It is no surprise technology and digitization are changing the world. Everything we do and touch, both personally and professionally, has become increasingly digitized – banking mobile apps on our phones, health and fitness equipment, GPS-based home delivery services, HR and payroll at our jobs. It’s an economic trend that is growing exponentially and showing no signs of slowing down.
As our world becomes more digitized, however, it also carries the risk of passing by millions of people who may not have the skills, education, or background needed to compete in today’s economy. That is why it is imperative that we have a 21st-century higher-learning system that encourages and helps people to succeed.
That is where coding bootcamps come in to play.
Coding bootcamps are on the rise across the country, offering thorough, short-term curriculums on computer coding to students looking for employment in high paying, next-generation web and software development jobs. These programs, which typically run between 12 and 24 weeks, and cost a fraction of a typical four-year college degree, serve as a pathway to success for many people and are engaging students in the new tech economy.
Having served as a community organizer who has fought to secure funding for early education development programs, and being the son of a hardworking teacher and a college educator, I am well-aware of the importance and benefits of the traditional education system.
However, as the world continues to evolve rapidly, we must have programs and organizations in place that help prepare more Americans for a variety of employment opportunities in the 21st century. Coding bootcamps are an excellent option for many people and achieve that goal.
The pioneers of the coding industry are not just located in the traditional “tech hubs” like Silicon Valley or New York. According to Course Report, there are more than 100 bootcamps in 44 states and online, breaking down the barriers zip codes once created, which restricted far too many people from accessing cutting-edge technology and educational opportunities.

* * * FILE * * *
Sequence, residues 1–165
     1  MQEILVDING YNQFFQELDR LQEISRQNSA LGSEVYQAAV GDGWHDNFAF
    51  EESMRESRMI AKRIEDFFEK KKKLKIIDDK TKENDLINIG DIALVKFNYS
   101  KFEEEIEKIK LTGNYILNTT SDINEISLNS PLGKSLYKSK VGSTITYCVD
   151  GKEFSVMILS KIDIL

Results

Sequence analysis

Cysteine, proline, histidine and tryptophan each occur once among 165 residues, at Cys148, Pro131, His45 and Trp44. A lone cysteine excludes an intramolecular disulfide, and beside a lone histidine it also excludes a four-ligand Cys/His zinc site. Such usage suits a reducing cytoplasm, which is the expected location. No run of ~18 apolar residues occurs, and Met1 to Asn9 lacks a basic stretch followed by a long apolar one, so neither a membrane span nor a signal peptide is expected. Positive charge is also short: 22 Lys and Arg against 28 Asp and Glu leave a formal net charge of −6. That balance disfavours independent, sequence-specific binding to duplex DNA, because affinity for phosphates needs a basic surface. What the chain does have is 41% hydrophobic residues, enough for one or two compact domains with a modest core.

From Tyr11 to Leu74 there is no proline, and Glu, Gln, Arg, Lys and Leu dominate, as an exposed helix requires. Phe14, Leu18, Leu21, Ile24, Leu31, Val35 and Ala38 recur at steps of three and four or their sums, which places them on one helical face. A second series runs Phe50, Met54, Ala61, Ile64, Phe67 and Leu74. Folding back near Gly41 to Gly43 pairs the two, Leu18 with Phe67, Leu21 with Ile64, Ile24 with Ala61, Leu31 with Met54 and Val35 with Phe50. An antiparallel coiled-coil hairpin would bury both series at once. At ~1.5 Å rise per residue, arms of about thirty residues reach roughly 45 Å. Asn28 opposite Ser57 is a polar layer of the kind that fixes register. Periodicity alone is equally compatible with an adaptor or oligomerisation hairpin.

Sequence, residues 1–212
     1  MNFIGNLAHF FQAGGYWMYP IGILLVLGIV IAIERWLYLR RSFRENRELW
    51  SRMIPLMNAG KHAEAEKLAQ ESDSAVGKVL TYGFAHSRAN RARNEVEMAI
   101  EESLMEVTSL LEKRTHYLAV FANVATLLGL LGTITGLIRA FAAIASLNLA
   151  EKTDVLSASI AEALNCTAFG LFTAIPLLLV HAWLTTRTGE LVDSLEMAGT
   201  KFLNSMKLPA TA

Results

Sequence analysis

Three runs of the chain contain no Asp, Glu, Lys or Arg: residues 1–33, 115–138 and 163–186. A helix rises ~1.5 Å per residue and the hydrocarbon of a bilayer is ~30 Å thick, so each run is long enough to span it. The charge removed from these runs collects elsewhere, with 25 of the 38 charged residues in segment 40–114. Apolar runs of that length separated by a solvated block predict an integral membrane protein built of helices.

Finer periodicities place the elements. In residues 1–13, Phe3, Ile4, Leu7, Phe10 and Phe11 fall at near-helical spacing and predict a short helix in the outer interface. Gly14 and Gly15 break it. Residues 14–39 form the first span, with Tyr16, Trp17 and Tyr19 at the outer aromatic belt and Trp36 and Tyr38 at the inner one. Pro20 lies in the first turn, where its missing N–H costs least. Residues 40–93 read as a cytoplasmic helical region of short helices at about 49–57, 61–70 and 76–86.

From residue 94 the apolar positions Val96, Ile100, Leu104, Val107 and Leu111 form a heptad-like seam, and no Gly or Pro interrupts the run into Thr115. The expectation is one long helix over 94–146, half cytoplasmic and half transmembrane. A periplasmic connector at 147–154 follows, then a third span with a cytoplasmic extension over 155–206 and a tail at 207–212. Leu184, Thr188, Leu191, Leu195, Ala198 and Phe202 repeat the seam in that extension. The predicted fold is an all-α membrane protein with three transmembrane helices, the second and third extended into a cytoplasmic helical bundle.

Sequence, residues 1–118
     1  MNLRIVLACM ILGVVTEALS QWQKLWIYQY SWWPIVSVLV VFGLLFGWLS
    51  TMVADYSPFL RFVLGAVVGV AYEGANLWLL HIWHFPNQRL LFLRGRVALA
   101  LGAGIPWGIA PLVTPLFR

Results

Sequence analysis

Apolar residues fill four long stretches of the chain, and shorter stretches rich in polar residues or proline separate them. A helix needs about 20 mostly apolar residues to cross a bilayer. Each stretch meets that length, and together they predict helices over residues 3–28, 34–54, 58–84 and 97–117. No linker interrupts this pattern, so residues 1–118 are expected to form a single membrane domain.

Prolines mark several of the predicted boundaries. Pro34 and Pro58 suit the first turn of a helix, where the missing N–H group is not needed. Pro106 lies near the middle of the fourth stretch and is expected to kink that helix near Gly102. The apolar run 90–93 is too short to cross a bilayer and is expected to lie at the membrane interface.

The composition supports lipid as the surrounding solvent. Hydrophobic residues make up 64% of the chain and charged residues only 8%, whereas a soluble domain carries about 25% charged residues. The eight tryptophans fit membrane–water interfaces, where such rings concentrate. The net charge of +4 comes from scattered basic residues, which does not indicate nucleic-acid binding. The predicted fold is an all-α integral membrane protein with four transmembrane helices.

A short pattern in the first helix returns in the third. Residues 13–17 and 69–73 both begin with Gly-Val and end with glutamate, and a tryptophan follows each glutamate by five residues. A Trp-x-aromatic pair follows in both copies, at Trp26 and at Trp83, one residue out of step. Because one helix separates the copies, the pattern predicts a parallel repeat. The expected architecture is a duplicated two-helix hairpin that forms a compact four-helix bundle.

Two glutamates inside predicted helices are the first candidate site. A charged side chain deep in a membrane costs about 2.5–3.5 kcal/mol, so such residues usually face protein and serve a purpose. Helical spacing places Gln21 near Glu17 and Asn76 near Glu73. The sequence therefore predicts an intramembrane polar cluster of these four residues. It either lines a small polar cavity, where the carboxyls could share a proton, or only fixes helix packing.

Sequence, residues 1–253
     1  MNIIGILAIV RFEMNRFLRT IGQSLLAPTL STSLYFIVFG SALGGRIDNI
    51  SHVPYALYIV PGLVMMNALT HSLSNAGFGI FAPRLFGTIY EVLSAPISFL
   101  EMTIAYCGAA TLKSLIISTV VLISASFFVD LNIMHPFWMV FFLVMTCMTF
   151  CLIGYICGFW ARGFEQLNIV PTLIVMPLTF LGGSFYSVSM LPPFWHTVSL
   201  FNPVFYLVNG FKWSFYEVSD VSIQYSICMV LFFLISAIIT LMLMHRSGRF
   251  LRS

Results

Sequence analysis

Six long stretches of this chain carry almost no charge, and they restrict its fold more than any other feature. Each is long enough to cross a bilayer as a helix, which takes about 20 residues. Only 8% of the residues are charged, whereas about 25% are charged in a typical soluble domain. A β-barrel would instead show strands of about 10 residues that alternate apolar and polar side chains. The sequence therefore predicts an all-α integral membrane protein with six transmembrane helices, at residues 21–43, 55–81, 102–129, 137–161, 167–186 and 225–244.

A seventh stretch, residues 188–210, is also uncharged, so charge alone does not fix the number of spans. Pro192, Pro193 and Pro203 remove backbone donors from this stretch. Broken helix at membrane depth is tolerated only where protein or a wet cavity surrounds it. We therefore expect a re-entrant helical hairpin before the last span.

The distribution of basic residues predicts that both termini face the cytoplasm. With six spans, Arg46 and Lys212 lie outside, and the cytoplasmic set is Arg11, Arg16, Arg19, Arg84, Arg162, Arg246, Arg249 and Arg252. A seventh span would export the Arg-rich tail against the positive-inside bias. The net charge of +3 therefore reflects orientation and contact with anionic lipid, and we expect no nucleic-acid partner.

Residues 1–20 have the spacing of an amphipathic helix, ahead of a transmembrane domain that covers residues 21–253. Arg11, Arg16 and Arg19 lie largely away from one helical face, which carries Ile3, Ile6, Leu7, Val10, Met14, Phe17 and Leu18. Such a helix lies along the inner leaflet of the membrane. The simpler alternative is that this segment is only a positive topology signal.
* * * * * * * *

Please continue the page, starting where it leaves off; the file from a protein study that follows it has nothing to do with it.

Skills-training programs and next-generation workforce training initiatives have a meaningful impact on under-performing communities across the country. The New York Times highlighted innovative public-private partnership efforts that brought skills-training programs, such as coding schools, to rural Kentucky. The results of these efforts are extraordinary: Americans looking for a new and exciting career path are thriving without having to uproot their lives and families, all because they had the proximity and opportunity to learn computer coding.
I am witnessing the coding revolution first hand here in the Midwest. For example, devCodeCamp, based in Milwaukee, Wisconsin, is connecting people with high paying jobs in the technology sector. On average, students coming out of devCodeCamp are landing jobs paying $50,000 a year or more at major companies and organizations.
Coding schools are also an attractive opportunity for thousands of Americans who want to avoid a lifetime of student-loan debt. In fact, many coding schools are offering flexible payment plans. DevCodeCamp, for example, offers free housing, allowing students to temporarily relocate to Milwaukee free-of-charge while they prepare for their careers in the coding industry.
Coding bootcamps are a needed and valuable resource in today’s global economy, and demonstrate the importance of non-traditional skills-training programs. These schools offer students of all ages the opportunity to learn skills that impact every facet of the American economy, earn better paychecks while fulfilling much-needed career positions, and generate positive contributions to society. That is what education in the 21st-century should be about.